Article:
The Pontiac contingent also included Bob Williams red 1963 Grand Prix, Bob Butlers white 1962 Grand Prix (Bob still has it!), Tom Hansons 1965 Le Mans, Andy DiOrios ’64 Tempest with six two barrel carburetors and Roger Lintons ’66 full size 2-door with fake 421 emblems.
Chevys competing for space on the Avenue were Dawsons black ’57 with the smiling grille, John Ferrarie’s 1964 SS, Ric Pepe’s 409, Tom Rossi’s candy apple red 1955, Bob DeSanto’s black and white ’54, Jim Larro’s Chevy II, and Ben Notaro’s Chevelle with the Atco class winner decal proudly displayed in the quarter window.
Believe it or not, there was even a 1955 Chevrolet altered wheel base “funny car”, driven by a fellow named Walker, which actually cruised the Avenue to the amazement of everyone – especially the Vineland police
Ford products often present included Al Broan’s 1955 Thunderbird, Marcel Durand’s maroon Ford 2-door and Dave Berman’s 1963 ‘Bird.
On any given night, the Mopars might have included Butch Magolda’s black Barracuda, Jerry Kearney’s white 383 Sport Fury, Ron Stretch’s Super Bee or Brian Stevens’ family car: a 426 Wedge Motor, triple black, Dodge Coronet Convertible.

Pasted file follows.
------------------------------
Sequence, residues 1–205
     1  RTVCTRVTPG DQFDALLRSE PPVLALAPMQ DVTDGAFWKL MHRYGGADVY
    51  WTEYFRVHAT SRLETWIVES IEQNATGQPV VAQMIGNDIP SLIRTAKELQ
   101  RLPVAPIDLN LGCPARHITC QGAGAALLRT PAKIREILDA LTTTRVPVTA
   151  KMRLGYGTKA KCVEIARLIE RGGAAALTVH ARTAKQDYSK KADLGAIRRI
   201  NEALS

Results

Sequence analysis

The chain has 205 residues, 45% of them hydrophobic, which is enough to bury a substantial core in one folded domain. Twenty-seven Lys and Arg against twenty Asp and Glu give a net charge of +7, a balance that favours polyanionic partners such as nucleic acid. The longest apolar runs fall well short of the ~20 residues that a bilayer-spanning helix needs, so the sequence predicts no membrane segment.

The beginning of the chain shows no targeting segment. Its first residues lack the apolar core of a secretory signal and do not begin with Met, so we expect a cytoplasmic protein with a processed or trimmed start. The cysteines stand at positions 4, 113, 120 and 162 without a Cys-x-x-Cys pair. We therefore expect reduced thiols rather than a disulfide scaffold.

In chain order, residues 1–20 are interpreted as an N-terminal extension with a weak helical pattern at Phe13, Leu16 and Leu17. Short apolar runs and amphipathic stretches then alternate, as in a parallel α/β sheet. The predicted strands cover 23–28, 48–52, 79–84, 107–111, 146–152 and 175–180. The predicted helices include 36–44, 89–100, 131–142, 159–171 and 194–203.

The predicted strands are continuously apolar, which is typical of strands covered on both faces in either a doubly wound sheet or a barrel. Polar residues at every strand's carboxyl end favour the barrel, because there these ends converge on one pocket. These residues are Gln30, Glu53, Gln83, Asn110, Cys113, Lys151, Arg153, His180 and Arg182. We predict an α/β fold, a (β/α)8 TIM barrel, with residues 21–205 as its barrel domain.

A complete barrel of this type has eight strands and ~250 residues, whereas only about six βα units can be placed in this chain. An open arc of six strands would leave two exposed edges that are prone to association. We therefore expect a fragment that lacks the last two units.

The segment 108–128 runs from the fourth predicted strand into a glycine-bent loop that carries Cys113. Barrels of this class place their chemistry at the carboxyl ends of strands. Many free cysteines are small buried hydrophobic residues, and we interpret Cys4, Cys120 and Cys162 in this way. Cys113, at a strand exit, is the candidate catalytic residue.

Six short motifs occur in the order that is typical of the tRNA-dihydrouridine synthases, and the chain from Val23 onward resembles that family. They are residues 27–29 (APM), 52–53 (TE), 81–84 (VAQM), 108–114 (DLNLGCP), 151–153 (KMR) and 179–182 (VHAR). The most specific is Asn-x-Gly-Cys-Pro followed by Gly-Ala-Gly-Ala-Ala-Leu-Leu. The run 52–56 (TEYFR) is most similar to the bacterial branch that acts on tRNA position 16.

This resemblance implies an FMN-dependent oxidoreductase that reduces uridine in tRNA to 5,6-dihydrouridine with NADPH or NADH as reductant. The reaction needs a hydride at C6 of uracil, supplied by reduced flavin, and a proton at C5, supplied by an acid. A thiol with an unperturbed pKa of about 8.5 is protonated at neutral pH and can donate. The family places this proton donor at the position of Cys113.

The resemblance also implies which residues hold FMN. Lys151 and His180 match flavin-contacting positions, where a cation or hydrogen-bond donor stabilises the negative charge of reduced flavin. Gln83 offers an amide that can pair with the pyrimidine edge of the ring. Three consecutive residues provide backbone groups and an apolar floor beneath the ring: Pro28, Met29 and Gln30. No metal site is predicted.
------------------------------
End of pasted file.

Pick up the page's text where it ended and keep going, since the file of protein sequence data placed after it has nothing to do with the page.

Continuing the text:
I remember the first time I ever saw a set of red line tires: they adorned Jack Tuso’s Olds 442 Convertible. Other Oldsmobiles on the Avenue were Lou Benvenuti’s black two-door with very loud glasspacks, Joe Curcio’s ’67 convertible and Solve Tuso’s 442 hardtop which had dual factory ram air scoops mounted under the front bumper.
Some of the early Camaro cruisers were John Fricano, Denny DePalma, Gene Lagerholm and Frank Wheaton, III (a 375 horse, 396, if I recall correctly).
Vineland also had plenty of Corvettes on the Avenue in the 1960’s: Bostwick, Kontes, Gagliardi and Steve Martinelli all had 427 Stingray Roadsters.
Driving small block Corvettes were Dennis Buglio (blue 1961), Linda DeMarco (silver 1969 Coupe) and, a pretty brunette named Gloria in a white 1965 Stingray Convertible.
Vineland even had it’s own version of the British Invasion in the form of Nick DiBello’s MG-TD, Joe Marcione’s Alva and Hilton Shostak’s XKE.
I remember being up on the Avenue the night that a 427 Stingray Roadster was demolished when it went into the woods at high speed on the north side of Landis just east of Mill Road.
On another memorable Friday evening, in 1964, Jay Usinger let me borrow his 1931 Model A Ford which I took to an Explorer Scout Display at Millville Airport.
I vividly remember drooling over the most desirable car in the “new” Vineland High School parking lot: teacher Ed Nicolonco’s red, 1965 4-speed GTO Convertible.
Mixed in with these reminiscences are late night snacks at Nucci’s diner and movie dates at the Landis Theater.
Finally, I remember when a new, fast food chain opened on Delsea Drive a bit north of the circle. One of the first employees hired by McDonald’s was my classmate, Gary Galloway.
My Vineland version of American Graffiti.